Doug Neasloss and Deborah Nelson chat during the Acwsalcta screening of Bears Forever.

Central Coast First Nations premiere “Bear Witness” in Bella Coola

Central Coast First Nations premiere “Bear Witness” in Bella Coola

The Central Coast First Nations Bear Working Group (CCFN BWG) made a presentation of their film “Bear Witness” (Visit www.BearsForever.ca for the website and video link) on February 18 for a crowd of 40 locals at Lobelco Hall.

A brief introduction from the presenters; Megan Moody (Nuxalk Nation Resource Stewardship Director), Jason Moody (Nuxalk Nation Stewardship Office), Jen Walkus (Wuikinuxv Nation Bear Working Group Researcher and Representative), Cindy Hanuse (Wuikinuxv Nation Stream Enhancement), Douglas Neasloss (Kitasoo/Xai’xais Spirit Bear Lodge, Klemtu), and Kai Nagata (University of Victoria and Producer of film) preceded the 25 minute film. (The Heiltsuk Nation was unable to send a representative and sent their regrets.)

In September 2012 the CCFN announced a ban on trophy hunting for bears within the unceded territory of their member nations, which closely correspond to the area known as the Great Bear Rainforest.

Gathering data is one of the most important focuses of the group. “The Government bases its wildlife management on numbers of bears only, and does not take into account the data on declining fish populations” said Walkus. “In the Wuikinuxv Nation we have noticed salmon runs drop from 300,000 fish one year to just 3,000 the next. Bears are starving and last year alone, we were forced to euthanize 15 bears. They were emaciated, it was very sad; it was devastating to the community. We do not agree with the way that the government develops their numbers. First Nations traditions do not believe in a single species management program. We need to be looking at the ecosystem as a whole, and the data we are collecting will continue to help us move forward with a more comprehensive management plan.”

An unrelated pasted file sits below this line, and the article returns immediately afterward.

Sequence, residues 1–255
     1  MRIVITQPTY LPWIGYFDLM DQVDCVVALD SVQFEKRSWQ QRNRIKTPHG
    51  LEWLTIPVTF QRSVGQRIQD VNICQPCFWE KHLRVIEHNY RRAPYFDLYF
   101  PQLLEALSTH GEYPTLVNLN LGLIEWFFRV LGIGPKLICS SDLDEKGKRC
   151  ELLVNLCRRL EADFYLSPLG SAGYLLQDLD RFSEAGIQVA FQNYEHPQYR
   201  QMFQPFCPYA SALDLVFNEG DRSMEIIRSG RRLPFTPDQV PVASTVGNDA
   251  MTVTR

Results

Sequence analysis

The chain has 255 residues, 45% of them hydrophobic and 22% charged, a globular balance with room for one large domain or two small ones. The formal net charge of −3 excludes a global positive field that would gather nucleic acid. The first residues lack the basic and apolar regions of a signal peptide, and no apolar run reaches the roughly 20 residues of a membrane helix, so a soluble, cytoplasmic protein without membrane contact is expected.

In the last year alone, 1500-1600 samples were taken and DNA analyzed. This shows data such as movement between territories, hormone and stress levels, genders, and dietary issues. As well as being able to identify individual bears, and gain a more accurate number of the existing populations. At more than $100 per sample, the BWG has been collaborating with UVic and Hakai Research Institute for students’ studies, which drastically cuts costs and provides further data for research papers and further studies in comprehensive Wildlife Management.

“There is a fear in the hunting community that we will lose our access, or rights, or that one area/group of the province will dictate hunting policy for everyone else.” said Nagata “There is a fear that hunters are going to lose their social licence to hunt. What is there to say to that? We are going to lose all sorts of rights to hunt, if we do not do speak up about trophy hunting now. We need to draw a clear moral line on what kinds of hunting we accept as a community, and what we do not. Anytime that we can promote these types of conversations is appreciated and healthy. Many of us hunters may enjoy sitting around a campfire cleaning weapons, but we are not really good at having these conversations about the deep meanings of life. So any conversations are appreciated.”

A September 2013 poll from McAllister Opinion Research conducted on behalf of the CCFN showed that “95 percent of B.C. hunters agree that people should not be hunting if they’re not prepared to eat what they kill.” A further 91 percent agree that their fellow hunters should respect First Nations laws and customs on First Nations territory.

By the numbers: A recent Tourism BC exit survey found that 79% of tourists came to BC to view bears. Stanford Centre for Responsible Travel (CREST) did an analysis and comparison of the tourism draw of hunting vs. viewing and found that four guiding businesses employ 11 people and serve 186 people. License fees are worth about $1.2 million to the Government coffers. Viewing on the other hand, employs 510 people directly, and countless others indirectly, services approximately 11,369 visitors a year, and garners $15 million in direct contributions to BC.

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